LAS VEGAS - Instead of calculating her grade point average at the end of the semester, college student Raven Reid is adding up her student loans.
"I wouldn't be able to pay for books or anything. My mom's a single parent, and she lives in L.A., and I don't like to ask her for money and things like that," she said. "I hit my max last year, so I think that was about $6,000. So, $12,000 so far, and I still have another year."
According to Project Student Debt, students who graduated in 2009 carried an average of $24,000 in student loan debt. Student loan debt is expected to exceed a trillion dollars this year. It is not only reaching an all-time high, it's outpacing credit card debt.
When student Nicole Hurley finishes her degree, she expects to owe much more than $24,000.
"I've had to resort to taking out a personal student loan in my name, which was $15,000," she said. "At the end of school next month, I'm graduating, and I'll be $40,000 in debt for student loans."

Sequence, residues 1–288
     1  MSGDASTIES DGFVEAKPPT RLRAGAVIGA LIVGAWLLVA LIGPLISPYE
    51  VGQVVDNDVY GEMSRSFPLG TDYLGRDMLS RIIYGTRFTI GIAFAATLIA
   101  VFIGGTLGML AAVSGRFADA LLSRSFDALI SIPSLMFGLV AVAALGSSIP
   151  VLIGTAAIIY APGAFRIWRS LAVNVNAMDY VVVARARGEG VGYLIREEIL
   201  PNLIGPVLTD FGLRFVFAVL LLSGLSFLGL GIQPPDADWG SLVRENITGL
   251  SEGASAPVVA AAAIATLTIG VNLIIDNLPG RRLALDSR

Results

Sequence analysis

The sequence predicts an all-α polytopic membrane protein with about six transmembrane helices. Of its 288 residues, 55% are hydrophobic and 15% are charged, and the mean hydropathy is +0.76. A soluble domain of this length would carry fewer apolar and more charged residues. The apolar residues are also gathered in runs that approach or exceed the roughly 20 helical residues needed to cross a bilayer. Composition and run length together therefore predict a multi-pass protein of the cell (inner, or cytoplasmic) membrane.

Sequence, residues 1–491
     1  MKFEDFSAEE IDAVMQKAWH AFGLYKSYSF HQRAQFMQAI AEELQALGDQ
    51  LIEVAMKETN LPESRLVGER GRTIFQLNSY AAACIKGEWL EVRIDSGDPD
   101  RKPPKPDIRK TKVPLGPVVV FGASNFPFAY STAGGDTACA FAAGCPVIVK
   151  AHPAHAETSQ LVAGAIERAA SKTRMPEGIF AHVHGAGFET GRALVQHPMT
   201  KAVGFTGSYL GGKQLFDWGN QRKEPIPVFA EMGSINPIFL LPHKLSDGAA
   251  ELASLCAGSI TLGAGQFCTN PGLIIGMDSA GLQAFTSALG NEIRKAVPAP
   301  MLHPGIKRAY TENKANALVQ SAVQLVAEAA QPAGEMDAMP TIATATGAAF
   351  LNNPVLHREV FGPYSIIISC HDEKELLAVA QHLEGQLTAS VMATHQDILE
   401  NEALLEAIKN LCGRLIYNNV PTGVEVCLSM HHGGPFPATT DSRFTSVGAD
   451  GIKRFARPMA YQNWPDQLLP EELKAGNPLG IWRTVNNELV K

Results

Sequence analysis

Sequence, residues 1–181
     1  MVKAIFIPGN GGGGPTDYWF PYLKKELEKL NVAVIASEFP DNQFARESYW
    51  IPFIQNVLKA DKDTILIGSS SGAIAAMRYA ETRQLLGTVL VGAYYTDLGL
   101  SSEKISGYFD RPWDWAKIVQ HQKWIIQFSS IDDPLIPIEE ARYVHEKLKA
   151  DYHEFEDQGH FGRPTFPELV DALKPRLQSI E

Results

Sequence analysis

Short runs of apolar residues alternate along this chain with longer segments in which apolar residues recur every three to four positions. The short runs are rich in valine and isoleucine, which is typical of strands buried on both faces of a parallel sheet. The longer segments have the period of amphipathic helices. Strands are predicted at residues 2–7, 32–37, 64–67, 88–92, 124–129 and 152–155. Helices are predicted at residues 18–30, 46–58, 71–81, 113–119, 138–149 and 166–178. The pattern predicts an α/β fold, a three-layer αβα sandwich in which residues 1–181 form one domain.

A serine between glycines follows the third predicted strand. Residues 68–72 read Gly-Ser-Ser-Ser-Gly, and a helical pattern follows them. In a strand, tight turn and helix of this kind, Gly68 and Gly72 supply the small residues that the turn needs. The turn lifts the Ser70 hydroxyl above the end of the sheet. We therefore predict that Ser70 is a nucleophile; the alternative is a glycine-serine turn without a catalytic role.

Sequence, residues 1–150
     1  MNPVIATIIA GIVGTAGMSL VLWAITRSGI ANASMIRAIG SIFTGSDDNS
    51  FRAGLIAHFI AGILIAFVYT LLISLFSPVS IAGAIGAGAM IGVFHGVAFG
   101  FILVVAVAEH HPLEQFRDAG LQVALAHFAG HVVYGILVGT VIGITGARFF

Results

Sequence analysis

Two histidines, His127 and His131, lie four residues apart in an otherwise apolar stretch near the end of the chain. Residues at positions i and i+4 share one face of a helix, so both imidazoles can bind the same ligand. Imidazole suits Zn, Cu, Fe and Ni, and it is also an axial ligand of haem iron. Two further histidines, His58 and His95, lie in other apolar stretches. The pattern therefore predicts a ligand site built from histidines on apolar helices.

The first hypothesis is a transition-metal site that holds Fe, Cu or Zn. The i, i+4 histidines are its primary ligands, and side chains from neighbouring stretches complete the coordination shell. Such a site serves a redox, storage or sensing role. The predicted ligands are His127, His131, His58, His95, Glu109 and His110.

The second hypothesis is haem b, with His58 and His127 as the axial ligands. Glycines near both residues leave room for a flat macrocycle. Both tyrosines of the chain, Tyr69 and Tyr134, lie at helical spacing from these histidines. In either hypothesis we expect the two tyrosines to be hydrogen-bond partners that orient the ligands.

Student debt may continue to soar if lawmakers go through with proposed cuts to the federal Pell Grant. Millions of students rely on the $5,500 award every year.
"With the tuition rates going up as high as they are, I paid $3,000 this semester in tuition," said Hurley. "It's really going to hurt some people, and it might be a determining factor into whether they can go to school or not."
Pell Grant cuts could affect an estimated nine million financially needy students this fall. With expected tuition hikes at many universities, many students may have to consider loans if they want to finish their education.
"I could imagine. I feel like when I took out my personal student loan, they were just handing them out to everybody," Hurley said. "Anybody and everybody can get a student loan with very little requirements."
Finding work is another struggle for students. According to Project Student Debt, unemployment for recent college graduates rose from 5.8 percent in 2008 to 8.7 percent in 2009, the highest annual rate on record.